A group of international scientists has reinforced warnings genetically modified food may be damaging to health.
The 20 independent scientists have signed a memorandum in support of Arpad Pusztai who was forced to retire last year over his revelations about the effects of biologically altered potatoes on laboratory rats.
An expert on plant toxins, Dr Pusztai was suspended by the Rowett Research Institute in Aberdeen and did not have his annual contract renewed after he publicised his findings on British television.
Former president of the British Society of Allergy and Environmental Medicine Ronald Finn said: “Dr Pusztai’s results at the very least raise the suspicion that genetically modified potatoes may damage the immune system.”
He continued: “You can imagine a doomsday scenario. If the immune system of the population was weakened, then the mortality would be increased many, many times.”
Dr Pustzai, 68, found the internal organs and immune systems of rats was altered by the presence of an additional gene – responsible for the production of the plant toxin lectin – in the potatoes.
A researcher at the department of pathology at Aberdeen University, Stanley Ewen, has just released details of his own experiments indicating rats fed on GM – or transgenic – potatoes absorbed lectin into their intestines.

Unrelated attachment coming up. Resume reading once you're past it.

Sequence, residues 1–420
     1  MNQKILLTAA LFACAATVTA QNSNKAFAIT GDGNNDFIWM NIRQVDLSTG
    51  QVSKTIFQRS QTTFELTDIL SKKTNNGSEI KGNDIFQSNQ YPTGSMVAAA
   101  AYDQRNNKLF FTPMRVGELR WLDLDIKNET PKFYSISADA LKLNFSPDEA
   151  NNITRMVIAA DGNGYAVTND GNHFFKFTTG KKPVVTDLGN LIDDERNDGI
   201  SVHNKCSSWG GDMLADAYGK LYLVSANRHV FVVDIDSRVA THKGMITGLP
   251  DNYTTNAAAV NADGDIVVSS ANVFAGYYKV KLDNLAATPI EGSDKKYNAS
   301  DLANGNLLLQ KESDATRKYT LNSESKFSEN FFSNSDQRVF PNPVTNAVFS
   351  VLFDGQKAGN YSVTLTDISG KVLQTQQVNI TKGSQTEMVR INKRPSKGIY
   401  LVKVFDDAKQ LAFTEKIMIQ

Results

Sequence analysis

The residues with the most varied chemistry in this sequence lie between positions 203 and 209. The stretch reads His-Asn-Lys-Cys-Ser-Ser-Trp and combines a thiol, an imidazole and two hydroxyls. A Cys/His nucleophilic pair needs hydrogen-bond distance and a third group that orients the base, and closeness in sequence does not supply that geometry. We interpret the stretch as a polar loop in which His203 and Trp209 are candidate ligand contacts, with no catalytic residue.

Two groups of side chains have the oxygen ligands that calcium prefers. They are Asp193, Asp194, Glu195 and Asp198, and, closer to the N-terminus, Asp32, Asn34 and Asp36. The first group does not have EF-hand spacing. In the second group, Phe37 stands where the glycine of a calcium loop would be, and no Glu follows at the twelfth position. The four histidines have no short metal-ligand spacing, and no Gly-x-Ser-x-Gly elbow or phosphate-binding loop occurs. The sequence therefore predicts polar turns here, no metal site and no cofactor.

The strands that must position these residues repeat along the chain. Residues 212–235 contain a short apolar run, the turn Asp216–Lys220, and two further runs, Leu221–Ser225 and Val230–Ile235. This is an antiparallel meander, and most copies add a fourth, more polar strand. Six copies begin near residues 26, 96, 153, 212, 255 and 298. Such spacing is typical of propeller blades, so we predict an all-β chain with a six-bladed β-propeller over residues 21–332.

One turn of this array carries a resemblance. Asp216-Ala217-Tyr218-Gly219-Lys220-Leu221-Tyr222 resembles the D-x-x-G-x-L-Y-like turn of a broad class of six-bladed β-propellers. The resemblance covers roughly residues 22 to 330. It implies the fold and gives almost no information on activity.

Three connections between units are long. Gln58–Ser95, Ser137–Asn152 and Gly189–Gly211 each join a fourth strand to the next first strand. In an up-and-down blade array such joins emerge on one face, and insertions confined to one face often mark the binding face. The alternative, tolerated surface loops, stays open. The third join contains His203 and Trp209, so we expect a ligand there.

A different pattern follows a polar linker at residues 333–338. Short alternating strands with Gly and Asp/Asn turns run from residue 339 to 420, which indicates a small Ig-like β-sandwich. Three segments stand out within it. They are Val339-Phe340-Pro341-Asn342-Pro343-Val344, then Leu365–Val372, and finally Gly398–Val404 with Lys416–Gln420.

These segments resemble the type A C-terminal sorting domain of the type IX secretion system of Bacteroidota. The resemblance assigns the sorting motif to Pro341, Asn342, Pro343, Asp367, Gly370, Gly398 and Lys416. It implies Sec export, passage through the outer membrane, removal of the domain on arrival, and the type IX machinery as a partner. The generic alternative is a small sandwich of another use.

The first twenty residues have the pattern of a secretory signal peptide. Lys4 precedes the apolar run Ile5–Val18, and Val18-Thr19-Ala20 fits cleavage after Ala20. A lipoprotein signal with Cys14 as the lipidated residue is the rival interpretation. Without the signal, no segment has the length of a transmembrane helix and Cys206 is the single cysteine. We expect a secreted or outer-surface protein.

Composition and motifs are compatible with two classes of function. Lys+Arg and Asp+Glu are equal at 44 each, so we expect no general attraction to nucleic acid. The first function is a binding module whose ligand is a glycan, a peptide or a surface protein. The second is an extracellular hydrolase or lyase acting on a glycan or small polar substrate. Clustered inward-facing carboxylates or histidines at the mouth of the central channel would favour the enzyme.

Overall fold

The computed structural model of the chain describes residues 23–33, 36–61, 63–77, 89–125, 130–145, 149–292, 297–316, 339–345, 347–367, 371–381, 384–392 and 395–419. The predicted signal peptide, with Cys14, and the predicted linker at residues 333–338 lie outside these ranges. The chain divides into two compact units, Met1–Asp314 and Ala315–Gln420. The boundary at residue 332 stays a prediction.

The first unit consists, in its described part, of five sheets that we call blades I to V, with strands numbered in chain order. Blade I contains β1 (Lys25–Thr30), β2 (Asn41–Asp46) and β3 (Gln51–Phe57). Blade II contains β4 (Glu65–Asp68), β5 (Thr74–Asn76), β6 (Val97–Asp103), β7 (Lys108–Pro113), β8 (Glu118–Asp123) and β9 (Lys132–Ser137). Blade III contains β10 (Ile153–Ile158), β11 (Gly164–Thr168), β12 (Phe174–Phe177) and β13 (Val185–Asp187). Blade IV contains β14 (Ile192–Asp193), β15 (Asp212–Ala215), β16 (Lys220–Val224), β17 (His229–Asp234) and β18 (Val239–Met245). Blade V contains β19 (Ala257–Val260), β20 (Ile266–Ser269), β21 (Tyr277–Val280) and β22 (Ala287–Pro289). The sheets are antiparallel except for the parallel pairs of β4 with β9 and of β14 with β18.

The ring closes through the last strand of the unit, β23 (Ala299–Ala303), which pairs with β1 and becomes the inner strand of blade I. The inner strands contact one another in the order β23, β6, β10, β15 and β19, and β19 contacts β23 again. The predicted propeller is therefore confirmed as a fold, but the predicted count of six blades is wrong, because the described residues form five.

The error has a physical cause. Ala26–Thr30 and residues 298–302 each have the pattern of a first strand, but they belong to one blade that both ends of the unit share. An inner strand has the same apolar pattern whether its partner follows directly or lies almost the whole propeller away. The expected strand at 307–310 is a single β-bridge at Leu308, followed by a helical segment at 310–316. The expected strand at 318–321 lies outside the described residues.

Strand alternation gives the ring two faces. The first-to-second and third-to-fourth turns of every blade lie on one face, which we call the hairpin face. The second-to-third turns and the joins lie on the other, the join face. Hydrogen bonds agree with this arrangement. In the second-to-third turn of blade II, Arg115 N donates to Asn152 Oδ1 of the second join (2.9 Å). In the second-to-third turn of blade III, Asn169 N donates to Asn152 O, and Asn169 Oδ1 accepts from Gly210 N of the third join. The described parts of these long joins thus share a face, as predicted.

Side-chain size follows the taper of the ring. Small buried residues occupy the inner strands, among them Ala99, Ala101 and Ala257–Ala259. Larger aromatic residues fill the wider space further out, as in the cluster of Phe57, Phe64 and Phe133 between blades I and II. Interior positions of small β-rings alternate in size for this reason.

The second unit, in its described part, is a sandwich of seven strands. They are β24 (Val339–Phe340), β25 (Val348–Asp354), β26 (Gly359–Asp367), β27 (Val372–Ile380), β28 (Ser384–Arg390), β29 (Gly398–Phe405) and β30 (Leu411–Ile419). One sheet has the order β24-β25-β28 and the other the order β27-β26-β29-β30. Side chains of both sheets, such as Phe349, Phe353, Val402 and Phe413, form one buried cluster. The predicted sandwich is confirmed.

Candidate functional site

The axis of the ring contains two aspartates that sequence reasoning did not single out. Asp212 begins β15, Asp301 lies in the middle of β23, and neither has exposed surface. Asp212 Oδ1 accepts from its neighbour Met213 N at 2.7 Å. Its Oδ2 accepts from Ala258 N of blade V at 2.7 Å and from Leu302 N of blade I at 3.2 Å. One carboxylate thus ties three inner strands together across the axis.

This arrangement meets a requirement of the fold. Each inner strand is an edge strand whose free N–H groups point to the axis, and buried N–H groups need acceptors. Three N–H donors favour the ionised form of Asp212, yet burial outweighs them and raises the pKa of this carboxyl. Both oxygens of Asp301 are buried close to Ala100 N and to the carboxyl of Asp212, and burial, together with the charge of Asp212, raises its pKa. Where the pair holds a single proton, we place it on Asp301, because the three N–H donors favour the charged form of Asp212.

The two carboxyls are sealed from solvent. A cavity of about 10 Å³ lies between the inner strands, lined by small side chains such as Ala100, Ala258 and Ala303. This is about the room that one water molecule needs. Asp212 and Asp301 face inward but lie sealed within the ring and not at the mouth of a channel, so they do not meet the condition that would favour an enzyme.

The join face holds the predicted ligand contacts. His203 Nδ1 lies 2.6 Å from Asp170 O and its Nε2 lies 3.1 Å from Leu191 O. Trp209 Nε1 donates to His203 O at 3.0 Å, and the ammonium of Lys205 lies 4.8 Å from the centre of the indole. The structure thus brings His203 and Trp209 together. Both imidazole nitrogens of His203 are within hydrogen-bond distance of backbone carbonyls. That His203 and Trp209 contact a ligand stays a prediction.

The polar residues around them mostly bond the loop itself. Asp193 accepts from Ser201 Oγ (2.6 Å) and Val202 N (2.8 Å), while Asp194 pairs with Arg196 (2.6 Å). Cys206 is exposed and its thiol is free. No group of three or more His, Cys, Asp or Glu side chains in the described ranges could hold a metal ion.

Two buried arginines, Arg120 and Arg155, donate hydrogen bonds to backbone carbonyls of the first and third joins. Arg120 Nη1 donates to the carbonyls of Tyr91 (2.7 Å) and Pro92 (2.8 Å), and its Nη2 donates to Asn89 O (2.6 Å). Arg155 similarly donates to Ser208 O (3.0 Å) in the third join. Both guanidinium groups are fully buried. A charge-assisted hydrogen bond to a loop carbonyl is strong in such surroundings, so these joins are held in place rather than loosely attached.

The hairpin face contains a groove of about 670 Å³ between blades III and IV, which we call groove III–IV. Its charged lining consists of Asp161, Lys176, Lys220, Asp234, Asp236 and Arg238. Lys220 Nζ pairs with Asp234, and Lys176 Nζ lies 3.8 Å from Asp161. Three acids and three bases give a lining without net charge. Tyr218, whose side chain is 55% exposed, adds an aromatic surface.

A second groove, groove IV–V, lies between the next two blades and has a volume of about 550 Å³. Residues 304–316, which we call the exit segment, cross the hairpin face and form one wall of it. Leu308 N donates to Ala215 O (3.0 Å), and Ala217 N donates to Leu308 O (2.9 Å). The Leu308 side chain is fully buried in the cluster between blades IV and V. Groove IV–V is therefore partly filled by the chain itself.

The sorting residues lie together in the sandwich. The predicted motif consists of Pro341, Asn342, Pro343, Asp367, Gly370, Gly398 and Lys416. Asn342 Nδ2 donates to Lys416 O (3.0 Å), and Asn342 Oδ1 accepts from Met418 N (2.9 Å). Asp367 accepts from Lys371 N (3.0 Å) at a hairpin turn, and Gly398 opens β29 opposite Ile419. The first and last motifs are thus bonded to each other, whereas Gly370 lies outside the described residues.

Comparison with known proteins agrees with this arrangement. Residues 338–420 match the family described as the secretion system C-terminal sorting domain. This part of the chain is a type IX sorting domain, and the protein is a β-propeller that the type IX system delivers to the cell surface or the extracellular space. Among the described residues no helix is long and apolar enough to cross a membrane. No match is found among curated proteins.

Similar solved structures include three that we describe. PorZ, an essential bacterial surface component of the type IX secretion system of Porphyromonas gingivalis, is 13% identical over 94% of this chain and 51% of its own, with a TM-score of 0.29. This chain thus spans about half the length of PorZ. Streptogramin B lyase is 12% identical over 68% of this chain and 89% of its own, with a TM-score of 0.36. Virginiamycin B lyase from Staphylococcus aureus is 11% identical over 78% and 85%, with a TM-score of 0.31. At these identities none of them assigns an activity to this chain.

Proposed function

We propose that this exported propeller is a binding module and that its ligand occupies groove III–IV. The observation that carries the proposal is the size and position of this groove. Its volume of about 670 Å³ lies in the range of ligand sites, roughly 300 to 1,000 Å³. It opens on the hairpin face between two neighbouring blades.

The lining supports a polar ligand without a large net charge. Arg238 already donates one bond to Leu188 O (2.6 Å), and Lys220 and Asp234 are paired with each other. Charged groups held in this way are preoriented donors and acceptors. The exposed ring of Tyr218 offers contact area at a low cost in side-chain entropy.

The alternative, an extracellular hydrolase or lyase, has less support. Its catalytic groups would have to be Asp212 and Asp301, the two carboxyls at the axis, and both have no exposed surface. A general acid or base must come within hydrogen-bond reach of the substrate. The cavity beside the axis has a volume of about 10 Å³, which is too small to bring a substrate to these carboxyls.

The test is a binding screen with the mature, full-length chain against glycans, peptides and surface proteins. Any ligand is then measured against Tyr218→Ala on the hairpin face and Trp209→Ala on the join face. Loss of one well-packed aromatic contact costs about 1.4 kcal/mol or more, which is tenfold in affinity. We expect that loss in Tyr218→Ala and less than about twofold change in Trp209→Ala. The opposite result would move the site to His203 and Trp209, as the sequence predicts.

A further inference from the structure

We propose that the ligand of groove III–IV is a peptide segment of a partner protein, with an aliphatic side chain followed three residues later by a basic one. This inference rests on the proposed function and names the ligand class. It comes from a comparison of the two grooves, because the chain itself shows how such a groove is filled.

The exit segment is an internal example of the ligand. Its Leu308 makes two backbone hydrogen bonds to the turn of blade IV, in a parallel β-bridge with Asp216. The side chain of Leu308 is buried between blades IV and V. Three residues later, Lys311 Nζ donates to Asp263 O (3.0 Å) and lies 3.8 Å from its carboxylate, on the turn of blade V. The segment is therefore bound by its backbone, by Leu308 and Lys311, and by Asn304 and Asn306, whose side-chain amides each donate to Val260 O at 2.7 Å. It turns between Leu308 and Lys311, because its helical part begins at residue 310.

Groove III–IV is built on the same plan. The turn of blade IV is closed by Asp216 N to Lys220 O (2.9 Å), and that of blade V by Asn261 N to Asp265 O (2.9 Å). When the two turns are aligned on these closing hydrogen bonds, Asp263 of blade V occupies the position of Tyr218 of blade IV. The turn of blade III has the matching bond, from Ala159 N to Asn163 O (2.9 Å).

Mr Ewen explained: “It may be that in GM food a drug-delivery system has been created, delivering something you didn’t want to.”
The director of the Rowett Institute, Philip James, has defended his decision to suspend Dr Pusztai saying he had become “muddled” over key aspects of the potato experiments.
He denied he had come under political pressure to dismiss the controversial scientist.
Prime Minister Tony Blair has rejected calls for a moratorium on GM food saying there is a rigorous regulatory process before they reach supermarket shelves in the UK.
Courtesy BBC News
Arpad Pusztai was the first senior scientist to question the effects of genetically modified foods.
His research was publicised just as GM foods were first appearing in shops and many people were deterred from using them.
Anti-GM campaigners like Friends of the Earth championed Dr Pusztai’s cause, but most of the scientific establishment – including the Royal Society – pilloried him.
He launched a website in June 1999 to hit back at his previous employers and critics.
Leading medical journal The Lancet published the findings of Dr Pustzai and Dr Ewen in October 1999.
Investigations by the BBC and Guardian newspaper in June 2002 found government papers admitting mishandling the affair and making Dr Pusztai into a martyr.